Saints Receiving Core- Losses: TE Jimmy Graham, WR Kenny Stills, WR Robert Meachem, RB Pierre Thomas, RB Travis Cadet
Drew Brees and Sean Payton have constructed a throne of offensive elitism since coming to New Orleans in 2006. Throughout their time in New Orleans, the Saints have resembled a cornucopia of yardage and points, and along the way have enjoyed a plentiful toy box of offensive receiving talents.
While one could chalk a portion of these talents’ development and production to Payton and Brees, mismatch creators such as Darren Sproles and Jimmy Graham can’t be found at the local department store. However, the Saints were fine last year without Sproles and have seen a bundle of players depart through the years without hampering their offensive status, but never have such departures left the cupboard so barren. Gone are Graham, deep threat Kenny Stills, Robert Meachem and backfield threats Pierre Thomas and Travis Cadet, resulting in Brees losing four of his six most productive targets from 2014.
Brees’ longest-tenured partner, Marques Colston, is still in town, but his age has sapped a bit of his productivity the past few seasons, however, he is still a reliable contributor, capable of making difficult catches over the middle and in traffic. Second-year man Brandin Cooks, flashed potential as a successor to Sproles and Graham as a devastating matchup for defenses before a thumb injury. C.J. Spiller was signed in free agency to act as the new receiving back, and the third receiver spot looks to be Nick Toon’s to lose. It’s just not possible to replace Graham who was surprisingly traded to Seattle for impactful center Max Unger and a first-round pick. The Saints didn’t make an effort to achieve the impossible and find an equal-level talent to Graham, opting to hand the starting tight end responsibilities to third-year player Josh Hill instead.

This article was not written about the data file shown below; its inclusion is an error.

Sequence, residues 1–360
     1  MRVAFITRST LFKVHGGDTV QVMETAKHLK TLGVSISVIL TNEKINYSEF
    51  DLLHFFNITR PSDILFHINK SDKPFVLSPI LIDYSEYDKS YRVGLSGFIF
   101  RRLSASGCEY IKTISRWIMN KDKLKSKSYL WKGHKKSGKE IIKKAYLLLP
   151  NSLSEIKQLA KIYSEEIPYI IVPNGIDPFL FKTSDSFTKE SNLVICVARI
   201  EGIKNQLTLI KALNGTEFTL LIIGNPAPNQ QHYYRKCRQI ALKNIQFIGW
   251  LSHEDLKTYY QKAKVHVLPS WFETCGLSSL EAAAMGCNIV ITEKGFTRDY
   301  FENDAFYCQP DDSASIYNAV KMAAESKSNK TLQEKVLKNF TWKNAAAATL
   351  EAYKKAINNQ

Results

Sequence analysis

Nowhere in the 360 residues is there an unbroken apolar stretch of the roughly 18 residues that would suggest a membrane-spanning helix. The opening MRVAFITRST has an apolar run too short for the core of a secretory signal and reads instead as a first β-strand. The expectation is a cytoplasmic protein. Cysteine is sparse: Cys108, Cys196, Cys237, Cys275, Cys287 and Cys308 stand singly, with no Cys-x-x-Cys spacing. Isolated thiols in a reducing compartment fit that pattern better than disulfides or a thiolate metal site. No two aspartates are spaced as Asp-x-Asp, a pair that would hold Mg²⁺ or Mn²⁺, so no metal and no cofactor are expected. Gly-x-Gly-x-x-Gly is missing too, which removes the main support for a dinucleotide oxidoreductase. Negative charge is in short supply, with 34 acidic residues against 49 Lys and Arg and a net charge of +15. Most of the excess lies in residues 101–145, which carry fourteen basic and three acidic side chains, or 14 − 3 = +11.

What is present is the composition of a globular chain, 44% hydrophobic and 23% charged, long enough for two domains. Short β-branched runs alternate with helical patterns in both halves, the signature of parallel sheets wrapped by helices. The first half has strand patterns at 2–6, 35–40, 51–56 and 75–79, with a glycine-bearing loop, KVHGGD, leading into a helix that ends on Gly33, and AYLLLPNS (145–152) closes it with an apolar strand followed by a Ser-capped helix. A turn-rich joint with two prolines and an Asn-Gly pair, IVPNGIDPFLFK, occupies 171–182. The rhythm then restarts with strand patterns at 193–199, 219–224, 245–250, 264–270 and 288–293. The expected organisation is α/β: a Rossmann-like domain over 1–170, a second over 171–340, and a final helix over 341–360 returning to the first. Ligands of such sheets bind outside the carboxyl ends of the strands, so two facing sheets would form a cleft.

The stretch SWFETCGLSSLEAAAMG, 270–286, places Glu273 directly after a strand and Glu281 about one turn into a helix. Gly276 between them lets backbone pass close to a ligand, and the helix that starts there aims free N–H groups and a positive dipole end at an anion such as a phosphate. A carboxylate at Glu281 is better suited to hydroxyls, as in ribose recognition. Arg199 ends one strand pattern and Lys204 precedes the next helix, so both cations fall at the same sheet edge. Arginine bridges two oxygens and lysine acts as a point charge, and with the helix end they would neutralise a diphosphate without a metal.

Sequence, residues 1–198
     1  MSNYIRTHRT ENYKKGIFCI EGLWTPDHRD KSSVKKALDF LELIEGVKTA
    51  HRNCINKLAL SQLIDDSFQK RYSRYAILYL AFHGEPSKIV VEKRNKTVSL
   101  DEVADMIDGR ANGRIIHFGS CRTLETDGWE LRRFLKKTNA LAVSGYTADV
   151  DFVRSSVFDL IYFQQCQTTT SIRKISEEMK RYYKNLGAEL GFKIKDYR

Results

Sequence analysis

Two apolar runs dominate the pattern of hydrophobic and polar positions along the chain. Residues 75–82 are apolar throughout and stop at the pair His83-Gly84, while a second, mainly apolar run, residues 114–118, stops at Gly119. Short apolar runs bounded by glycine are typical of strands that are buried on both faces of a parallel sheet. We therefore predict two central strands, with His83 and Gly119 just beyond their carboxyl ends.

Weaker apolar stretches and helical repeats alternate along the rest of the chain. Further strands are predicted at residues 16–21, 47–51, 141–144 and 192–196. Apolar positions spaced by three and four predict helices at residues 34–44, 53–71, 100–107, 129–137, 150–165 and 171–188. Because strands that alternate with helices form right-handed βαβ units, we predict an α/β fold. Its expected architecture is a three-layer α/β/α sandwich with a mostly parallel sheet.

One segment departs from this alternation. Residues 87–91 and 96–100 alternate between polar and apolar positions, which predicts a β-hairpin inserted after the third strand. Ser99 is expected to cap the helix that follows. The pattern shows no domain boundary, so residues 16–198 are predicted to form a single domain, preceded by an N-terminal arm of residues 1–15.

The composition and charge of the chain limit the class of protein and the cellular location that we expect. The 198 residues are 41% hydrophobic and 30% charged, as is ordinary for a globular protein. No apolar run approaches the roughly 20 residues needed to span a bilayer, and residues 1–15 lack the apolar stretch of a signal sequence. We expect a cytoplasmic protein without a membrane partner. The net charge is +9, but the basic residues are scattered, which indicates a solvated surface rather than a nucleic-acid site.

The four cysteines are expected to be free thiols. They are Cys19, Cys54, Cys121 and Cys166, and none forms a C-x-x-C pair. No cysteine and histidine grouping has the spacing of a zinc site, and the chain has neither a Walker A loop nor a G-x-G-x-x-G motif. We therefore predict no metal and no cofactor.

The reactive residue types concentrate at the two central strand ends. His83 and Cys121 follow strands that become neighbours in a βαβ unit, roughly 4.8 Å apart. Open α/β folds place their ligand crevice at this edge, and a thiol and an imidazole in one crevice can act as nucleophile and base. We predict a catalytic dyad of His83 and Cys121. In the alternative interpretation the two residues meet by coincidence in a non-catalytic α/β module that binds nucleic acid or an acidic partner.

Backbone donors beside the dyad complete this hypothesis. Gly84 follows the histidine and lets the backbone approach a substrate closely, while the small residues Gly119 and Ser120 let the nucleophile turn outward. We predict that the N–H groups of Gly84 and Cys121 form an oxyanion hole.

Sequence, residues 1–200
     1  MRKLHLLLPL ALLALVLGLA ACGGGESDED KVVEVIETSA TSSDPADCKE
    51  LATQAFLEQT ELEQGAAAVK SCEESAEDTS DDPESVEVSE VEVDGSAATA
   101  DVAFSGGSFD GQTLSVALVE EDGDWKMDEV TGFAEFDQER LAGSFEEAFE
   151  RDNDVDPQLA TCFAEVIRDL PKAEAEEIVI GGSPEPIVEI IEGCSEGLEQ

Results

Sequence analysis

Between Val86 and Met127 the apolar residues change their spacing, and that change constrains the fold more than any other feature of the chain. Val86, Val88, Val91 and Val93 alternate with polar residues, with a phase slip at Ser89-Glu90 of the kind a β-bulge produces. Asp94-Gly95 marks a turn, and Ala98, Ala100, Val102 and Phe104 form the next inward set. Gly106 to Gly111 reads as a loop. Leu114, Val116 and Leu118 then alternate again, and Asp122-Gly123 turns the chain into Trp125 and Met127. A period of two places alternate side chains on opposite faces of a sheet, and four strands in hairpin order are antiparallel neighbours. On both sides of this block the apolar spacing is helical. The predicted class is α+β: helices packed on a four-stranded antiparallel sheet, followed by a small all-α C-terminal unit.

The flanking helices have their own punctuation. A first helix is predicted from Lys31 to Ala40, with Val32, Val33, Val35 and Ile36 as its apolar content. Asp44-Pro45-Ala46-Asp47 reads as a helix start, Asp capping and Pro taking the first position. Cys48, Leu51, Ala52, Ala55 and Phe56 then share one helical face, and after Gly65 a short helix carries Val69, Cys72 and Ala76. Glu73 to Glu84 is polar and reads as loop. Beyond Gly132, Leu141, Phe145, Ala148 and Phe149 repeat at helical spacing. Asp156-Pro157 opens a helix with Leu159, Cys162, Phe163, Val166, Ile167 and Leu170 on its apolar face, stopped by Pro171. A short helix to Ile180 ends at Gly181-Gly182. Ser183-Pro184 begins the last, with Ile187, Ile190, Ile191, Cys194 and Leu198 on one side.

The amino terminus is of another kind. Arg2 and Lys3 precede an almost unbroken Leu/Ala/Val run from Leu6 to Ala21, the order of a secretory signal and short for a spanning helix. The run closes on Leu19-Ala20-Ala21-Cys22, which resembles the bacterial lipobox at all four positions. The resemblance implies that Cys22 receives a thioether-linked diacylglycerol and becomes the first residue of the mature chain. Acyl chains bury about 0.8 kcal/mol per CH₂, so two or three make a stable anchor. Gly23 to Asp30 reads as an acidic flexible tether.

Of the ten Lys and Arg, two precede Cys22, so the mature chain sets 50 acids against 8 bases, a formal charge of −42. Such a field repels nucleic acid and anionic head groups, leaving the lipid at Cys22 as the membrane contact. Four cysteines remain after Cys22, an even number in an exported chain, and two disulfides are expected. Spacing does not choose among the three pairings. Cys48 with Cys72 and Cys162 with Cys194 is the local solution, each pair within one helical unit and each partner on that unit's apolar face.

The Saints appear content to compensate for lost options through the air with a greater devotion to the ground game after former first-rounder, Mark Ingram, finally broke through last season. The Saints return a steady core line unit of Terron Armstead, Jahri Evans and Zac Strief, and added the best run-blocking, and arguably overall, center in football in Unger as well as rookie tackle Andrus Peat at 13 overall. The offense doesn’t have an embarrassment of riches when it comes to playmakers like in years past, but betting on Brees and a more physical rushing attack might be a breath of fresh air for an organization that has stagnated the last few seasons.
Patriots Cornerbacks- Losses: CB Darrelle Revis, CB Brandon Browner, CB Kyle Arrington
Entering the Super Bowl, Malcolm Butler was buried on the depth chart as the team’s fifth corner, but Chris Matthews’ torching of the smaller Kyle Arrington and Logan Ryan propelled Butler into the moment in which he became the game’s ultimate unsung hero on the sport’s biggest stage.
Entering 2015, Butler may be the most glorified corner on the roster, and if that wasn’t already daunting enough, the combination of a broken alarm clock and Bill Belichick’s no-nonsense regime has left his starting spot in jeopardy as training camp looms.
With Darrelle Revis opting for a reunion in New York, Brandon Browner relocating his work address to southern Louisiana and Kyle Arrington being unexpectedly released in the offseason before signing with Baltimore, the Patriots cornerback situation is a riddle that has yet to be solved. Ryan figures to man down one corner spot after starting 13 games in his first two seasons, while Butler may still retain the starting nod, pending the purchase of a new alarm clock, once Belichick analyzes the depressing alternative options. Former Eagle, Bradley Fletcher, will likely be the team’s third corner, and for the sake of his own well-being will only faceoff against Dez Bryant once in 2015. Beyond that the team signed Robert McClain from Atlanta and drafted Marshall’s Daryl Roberts in the sixth round.
Losing Browner and the league’s top man-to-man corner in Revis will likely cause Belichick to revert back to more zone coverage with such underwhelming personnel. With Revis in the fold, New England finished 12th in pass defense DVOA in 2014, compared to 14th in 2013, and 23rd, 28th and 17th in 2012, 2011 and 2010, respectively. The Pats acquired Aqib Talib late in 2012, meaning they haven’t been this depleted at corner in some time. Belichick will have his plate full this season trying to coach up a handful of unproven guys, while also adjusting his defensive schematics to compensate for weaknesses and get the most out of this wretched position group.